begging the question

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begging the question (uncountable)

  1. A logical fallacy in which a premise of an argument contains a direct or indirect assumption that the conclusion is true; offering a circular argument; circular reasoning.
    It is an instance of begging the question to argue that God can only do good deeds because God is good.


begging the question

  1. (informal) Present participle of beg the question.

Usage notes[edit]

In common usage begging the question is synonymous with circular argument; in formal usage, these are distinct.

In common usage begging the question is synonymous with "raising the question"; in all usages, these are distinct.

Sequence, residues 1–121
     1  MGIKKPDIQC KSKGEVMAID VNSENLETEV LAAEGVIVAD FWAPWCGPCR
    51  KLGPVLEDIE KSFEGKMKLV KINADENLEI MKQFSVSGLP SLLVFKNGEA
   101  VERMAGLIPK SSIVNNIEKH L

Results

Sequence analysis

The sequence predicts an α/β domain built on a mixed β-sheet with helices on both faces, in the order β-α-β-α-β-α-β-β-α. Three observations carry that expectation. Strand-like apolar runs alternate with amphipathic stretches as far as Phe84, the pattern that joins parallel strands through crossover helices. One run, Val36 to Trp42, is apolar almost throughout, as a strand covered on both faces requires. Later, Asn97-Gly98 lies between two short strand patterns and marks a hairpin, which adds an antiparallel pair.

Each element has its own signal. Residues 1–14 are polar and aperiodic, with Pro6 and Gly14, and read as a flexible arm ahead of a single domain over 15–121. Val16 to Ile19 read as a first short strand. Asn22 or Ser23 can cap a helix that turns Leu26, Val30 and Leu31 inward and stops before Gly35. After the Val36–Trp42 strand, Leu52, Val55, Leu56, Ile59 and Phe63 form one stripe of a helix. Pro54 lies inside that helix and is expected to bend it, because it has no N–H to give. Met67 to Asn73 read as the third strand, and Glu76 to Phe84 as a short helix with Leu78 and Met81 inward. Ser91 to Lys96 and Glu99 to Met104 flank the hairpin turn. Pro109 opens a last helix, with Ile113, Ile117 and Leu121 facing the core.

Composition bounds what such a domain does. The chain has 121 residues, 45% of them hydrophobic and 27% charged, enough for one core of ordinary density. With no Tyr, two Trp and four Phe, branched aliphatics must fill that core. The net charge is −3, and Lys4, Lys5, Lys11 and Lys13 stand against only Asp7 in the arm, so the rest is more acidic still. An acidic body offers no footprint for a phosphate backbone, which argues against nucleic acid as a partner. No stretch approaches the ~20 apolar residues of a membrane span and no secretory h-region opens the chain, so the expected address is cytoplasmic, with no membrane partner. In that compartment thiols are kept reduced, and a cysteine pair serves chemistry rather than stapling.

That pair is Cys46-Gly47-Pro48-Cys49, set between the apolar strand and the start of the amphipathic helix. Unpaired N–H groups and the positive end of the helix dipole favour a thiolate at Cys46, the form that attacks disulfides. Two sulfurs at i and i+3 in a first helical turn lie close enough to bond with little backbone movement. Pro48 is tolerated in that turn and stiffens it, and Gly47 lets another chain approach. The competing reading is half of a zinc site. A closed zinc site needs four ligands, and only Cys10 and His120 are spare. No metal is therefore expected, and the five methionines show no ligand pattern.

"Andrew Parker, the new director general of MI5, should be slower to employ this foolish, self-serving rhetoric, which naively begs a perfectly legitimate question: how should we ensure that those privileged to be granted special powers to intrude into everything that is private, serve a real public interest, rather than the dangerously false god of securitisation for its own sake?"

Quoted from The Guardian of October 15, 2013.


Derived terms[edit]